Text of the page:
You’ve been eating well-weighed portions, balanced meals consisting of the right amounts of fat, protein and carbs and even sticking to the no snacking rule! But then you’re home alone and you’ve just had lunch. You’re satisfied, you don’t need anything else. But there’s this voice in your head that goes: ‘I’ll just eat a bit more now because I feel like having something sweet and later I’ll eat less again.’ Before you know it you’re eating peanut butter out of the jar and you’re passed out and bloated on the couch.
It’s very easy to beat yourself up and identify yourself with the binging behaviour. No, you’re not an undisciplined, fat binge eater. You’re a wonderful person who experienced an emotion that you tried to suppress by eating. That’s what happened.
First-aid binge eating and overeating
- Accept what happened, go outside for a walk and breathe deeply.
This will help digestion and shift your energy from contraction to expansion.
- Reflect on why you decided to overeat. Talk to yourself as if you would talk to a good friend:
“Why did you decide to overeat? How were you feeling? Why did you feel sad?”
- During the reflection don’t say ‘I’m a depressed person’ or “ I’m a binger’ but say “I experience depression and binging right now because x, y and z”
This will help to create space and you’ll start to identify less with the emotions.
- Continue your day as normal: do yoga, meditate, work and talk to people. Take note of how you feel. Do you feel heavy and bloated during yoga? Do you have a hard time concentrating during meditation? Write it down. Next time you start scooping out the peanut butter jar, you need to remember how you will feel afterwards.
Overcoming eating habits takes time and is a process that goes with ups and downs. You can always relapse, but it’s how you deal with it and what you do to prevent it from happening again that allows you to grow and eventually have a healthy relationship with food. The more inner work you do, the less frequent you’ll have the binging episodes.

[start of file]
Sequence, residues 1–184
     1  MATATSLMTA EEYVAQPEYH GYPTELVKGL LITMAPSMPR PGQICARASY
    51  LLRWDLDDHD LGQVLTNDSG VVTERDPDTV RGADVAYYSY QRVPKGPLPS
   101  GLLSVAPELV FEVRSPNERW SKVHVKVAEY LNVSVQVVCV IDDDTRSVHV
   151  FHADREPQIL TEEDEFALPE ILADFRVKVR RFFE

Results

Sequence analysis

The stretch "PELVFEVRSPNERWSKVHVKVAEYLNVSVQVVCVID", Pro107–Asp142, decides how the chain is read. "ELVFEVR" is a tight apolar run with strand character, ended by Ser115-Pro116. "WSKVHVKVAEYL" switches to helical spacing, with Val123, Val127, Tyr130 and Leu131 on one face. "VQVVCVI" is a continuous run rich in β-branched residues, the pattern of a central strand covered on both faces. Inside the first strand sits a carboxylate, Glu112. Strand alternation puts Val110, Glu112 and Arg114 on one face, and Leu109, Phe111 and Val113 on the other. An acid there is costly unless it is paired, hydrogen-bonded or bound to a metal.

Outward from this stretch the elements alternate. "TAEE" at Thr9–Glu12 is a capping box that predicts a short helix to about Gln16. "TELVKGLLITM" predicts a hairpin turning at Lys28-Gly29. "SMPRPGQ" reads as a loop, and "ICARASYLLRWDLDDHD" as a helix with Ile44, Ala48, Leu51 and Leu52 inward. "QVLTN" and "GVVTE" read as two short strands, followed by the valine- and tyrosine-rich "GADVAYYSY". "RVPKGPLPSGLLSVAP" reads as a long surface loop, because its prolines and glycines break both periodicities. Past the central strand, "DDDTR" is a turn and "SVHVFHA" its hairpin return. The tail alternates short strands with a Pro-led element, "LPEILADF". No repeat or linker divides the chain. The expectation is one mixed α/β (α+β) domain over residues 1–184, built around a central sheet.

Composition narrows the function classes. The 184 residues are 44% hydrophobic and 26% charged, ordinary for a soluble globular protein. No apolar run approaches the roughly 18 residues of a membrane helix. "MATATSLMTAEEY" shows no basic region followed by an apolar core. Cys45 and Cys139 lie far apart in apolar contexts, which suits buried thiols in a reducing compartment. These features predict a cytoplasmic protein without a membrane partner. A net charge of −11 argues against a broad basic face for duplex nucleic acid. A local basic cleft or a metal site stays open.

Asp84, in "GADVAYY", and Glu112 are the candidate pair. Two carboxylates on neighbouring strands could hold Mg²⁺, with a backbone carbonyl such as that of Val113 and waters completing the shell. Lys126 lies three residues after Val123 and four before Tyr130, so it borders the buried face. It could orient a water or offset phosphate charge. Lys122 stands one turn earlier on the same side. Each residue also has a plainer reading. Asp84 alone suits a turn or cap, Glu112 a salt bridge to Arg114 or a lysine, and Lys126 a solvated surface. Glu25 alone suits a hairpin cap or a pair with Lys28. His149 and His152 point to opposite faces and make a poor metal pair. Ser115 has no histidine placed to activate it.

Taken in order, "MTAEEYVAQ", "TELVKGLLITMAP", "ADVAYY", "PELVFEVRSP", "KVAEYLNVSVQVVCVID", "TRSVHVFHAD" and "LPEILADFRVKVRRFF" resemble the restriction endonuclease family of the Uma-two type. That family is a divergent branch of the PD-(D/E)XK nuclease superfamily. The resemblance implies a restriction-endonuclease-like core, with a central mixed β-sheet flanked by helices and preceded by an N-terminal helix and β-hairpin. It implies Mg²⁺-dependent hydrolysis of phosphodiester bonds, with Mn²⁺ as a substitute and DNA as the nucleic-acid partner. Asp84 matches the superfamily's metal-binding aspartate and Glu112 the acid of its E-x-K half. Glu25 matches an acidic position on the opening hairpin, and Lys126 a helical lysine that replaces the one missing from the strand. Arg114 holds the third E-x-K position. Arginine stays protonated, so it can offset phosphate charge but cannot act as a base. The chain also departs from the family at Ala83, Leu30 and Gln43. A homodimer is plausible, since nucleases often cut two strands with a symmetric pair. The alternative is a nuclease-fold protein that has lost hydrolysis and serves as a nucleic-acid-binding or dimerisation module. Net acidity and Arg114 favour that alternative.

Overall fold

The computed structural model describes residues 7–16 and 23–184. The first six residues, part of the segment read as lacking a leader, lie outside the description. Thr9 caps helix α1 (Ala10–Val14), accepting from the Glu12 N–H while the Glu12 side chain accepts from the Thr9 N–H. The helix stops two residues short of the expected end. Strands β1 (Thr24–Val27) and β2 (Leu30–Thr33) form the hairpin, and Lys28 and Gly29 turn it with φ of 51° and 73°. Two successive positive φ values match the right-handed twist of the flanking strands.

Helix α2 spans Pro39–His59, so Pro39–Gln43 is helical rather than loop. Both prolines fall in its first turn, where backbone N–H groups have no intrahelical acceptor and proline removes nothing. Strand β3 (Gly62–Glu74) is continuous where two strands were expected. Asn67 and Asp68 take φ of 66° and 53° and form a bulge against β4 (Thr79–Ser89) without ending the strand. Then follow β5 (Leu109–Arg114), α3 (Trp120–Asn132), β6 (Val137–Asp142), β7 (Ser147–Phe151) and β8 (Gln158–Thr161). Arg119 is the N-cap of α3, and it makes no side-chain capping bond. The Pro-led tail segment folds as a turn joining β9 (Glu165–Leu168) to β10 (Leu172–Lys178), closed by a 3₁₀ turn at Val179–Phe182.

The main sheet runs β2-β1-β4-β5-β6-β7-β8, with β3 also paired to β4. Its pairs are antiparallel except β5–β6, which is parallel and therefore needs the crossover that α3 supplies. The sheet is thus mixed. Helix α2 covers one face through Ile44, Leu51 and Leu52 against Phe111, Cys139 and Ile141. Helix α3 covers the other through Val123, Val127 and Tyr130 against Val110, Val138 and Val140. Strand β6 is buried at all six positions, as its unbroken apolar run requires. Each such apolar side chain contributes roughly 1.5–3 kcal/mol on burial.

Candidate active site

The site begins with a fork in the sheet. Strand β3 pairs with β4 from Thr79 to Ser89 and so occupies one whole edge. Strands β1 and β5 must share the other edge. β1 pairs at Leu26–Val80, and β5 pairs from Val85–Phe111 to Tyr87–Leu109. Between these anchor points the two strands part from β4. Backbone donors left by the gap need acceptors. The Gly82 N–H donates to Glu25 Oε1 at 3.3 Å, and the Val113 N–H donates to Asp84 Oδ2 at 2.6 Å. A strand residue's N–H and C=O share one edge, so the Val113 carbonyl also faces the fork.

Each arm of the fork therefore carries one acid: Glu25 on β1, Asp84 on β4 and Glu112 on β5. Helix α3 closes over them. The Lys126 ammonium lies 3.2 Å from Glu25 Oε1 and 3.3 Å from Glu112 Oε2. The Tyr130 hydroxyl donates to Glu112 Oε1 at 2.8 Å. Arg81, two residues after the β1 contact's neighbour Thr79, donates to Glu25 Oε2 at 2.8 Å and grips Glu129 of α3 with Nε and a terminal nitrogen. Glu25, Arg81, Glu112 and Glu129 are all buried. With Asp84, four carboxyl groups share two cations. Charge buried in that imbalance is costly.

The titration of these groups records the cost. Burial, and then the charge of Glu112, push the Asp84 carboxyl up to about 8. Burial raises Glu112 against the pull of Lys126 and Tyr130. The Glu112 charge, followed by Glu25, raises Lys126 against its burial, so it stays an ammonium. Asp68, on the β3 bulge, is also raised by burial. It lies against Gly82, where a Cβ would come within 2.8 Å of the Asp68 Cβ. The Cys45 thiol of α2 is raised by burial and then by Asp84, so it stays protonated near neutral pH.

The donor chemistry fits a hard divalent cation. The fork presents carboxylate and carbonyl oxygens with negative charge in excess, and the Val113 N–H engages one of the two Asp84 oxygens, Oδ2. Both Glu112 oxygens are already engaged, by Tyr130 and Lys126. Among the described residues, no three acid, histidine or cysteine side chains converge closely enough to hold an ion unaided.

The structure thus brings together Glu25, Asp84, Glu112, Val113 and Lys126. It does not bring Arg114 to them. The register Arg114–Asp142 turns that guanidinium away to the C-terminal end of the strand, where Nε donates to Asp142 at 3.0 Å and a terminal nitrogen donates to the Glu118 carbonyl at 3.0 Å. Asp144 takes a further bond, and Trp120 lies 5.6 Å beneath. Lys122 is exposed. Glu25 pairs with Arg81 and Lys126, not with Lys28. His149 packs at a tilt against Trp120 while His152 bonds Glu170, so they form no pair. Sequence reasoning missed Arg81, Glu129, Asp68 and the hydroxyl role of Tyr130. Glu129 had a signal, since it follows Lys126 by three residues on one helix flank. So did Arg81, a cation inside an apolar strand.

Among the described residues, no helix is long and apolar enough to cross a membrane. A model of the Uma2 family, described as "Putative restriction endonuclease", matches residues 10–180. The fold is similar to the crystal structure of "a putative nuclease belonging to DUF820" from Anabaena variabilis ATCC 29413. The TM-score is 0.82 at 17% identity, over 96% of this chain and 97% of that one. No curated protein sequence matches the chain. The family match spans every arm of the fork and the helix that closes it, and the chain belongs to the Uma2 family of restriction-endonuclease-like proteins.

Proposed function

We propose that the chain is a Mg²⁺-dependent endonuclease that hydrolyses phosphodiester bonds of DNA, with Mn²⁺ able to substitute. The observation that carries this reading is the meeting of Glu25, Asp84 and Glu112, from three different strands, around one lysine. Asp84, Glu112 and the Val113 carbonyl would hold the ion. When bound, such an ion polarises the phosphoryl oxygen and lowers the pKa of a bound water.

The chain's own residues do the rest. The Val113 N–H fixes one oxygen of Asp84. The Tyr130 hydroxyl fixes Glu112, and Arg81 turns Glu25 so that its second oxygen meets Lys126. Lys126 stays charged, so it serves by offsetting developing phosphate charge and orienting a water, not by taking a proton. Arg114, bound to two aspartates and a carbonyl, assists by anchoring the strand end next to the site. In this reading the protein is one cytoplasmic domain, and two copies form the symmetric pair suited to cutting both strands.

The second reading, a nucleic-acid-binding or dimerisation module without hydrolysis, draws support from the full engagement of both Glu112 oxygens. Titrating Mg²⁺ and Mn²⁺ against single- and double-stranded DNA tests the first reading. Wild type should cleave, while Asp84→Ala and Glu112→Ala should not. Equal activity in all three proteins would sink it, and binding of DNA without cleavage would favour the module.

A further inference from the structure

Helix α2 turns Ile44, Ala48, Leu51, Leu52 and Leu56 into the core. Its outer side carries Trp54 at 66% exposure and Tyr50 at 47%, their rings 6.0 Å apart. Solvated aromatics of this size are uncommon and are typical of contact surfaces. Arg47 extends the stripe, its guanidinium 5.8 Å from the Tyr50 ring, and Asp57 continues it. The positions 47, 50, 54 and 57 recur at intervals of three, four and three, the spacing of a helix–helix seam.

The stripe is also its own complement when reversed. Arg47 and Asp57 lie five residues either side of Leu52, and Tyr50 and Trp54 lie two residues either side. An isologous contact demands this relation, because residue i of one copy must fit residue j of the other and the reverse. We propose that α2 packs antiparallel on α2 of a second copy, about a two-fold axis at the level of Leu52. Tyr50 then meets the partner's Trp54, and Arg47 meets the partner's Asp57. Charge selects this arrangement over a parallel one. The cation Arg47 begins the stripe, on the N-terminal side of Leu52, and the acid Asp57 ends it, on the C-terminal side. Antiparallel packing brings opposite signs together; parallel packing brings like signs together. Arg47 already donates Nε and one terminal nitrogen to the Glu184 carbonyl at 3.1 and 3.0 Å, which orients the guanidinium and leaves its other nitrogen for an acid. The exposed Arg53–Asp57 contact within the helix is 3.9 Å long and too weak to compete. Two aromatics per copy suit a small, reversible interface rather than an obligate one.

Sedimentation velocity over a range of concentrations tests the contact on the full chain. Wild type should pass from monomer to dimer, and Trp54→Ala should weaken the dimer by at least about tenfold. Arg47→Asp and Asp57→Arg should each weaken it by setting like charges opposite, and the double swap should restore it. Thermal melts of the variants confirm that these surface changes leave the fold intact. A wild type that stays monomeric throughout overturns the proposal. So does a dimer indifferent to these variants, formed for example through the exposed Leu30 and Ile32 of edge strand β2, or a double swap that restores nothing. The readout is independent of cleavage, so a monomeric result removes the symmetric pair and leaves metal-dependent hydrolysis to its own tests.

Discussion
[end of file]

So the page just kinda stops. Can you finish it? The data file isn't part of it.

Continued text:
Getting started and bringing everything together
I feel grateful that you chose to walk down the path of healthy and conscious eating with me. Keep in mind that I’ve been experimenting with my food for the last 4 years and it’s actually a life long process as your eating habits change throughout the years.
I invite you to look at your eating habits as a barometer for your health and well-being. Don’t identify as a fat person or binger, but become conscious of how you eat and why you eat that way. This will cause major shifts in how you relate to food and how you consume that food.
When I overeat, I see it as an opportunity to check in with myself and see what part of me is not being heard. Maybe it’s the stressed version of me who feels overwhelmed and doesn’t want to experience that emotion. Maybe it’s the lonely version of me who is craving some meaningful interaction.
Understand that your outer world is a reflection of your inner work. Changing diets, eating within timeframes, avoiding certain foods are all superficial changes and don’t resolve the root cause.
Do the inner work.
Become more conscious by practicing yoga and meditation.
You’ll see major shifts in your reality when you stop running away from what it’s your surprising.
I offer conscious lifestyle and health coaching where I help you transcend the cycle of weight loss and weight gain, dieting and binging through meditation, yoga and reflecting writing. Simply reach out to me via email@example.com and we’ll hop on a call to discuss your situation more in dept.
Women, Food and God, Geneen Roth
The Yoga of Eating, Charles Eisenstein
How Not To Die, Dr Michael Greger